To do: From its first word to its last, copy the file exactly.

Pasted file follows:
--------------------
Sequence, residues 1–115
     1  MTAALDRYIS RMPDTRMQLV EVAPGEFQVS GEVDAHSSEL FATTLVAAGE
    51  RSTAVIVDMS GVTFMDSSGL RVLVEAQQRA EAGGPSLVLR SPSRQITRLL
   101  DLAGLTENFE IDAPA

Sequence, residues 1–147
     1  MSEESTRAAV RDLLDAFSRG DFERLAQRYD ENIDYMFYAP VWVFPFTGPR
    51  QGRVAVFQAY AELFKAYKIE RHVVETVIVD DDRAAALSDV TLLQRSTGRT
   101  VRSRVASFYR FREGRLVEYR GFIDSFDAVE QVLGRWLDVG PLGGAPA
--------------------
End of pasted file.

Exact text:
Sequence, residues 1–115
     1  MTAALDRYIS RMPDTRMQLV EVAPGEFQVS GEVDAHSSEL FATTLVAAGE
    51  RSTAVIVDMS GVTFMDSSGL RVLVEAQQRA EAGGPSLVLR SPSRQITRLL
   101  DLAGLTENFE IDAPA

Sequence, residues 1–147
     1  MSEESTRAAV RDLLDAFSRG DFERLAQRYD ENIDYMFYAP VWVFPFTGPR
    51  QGRVAVFQAY AELFKAYKIE RHVVETVIVD DDRAAALSDV TLLQRSTGRT
   101  VRSRVASFYR FREGRLVEYR GFIDSFDAVE QVLGRWLDVG PLGGAPA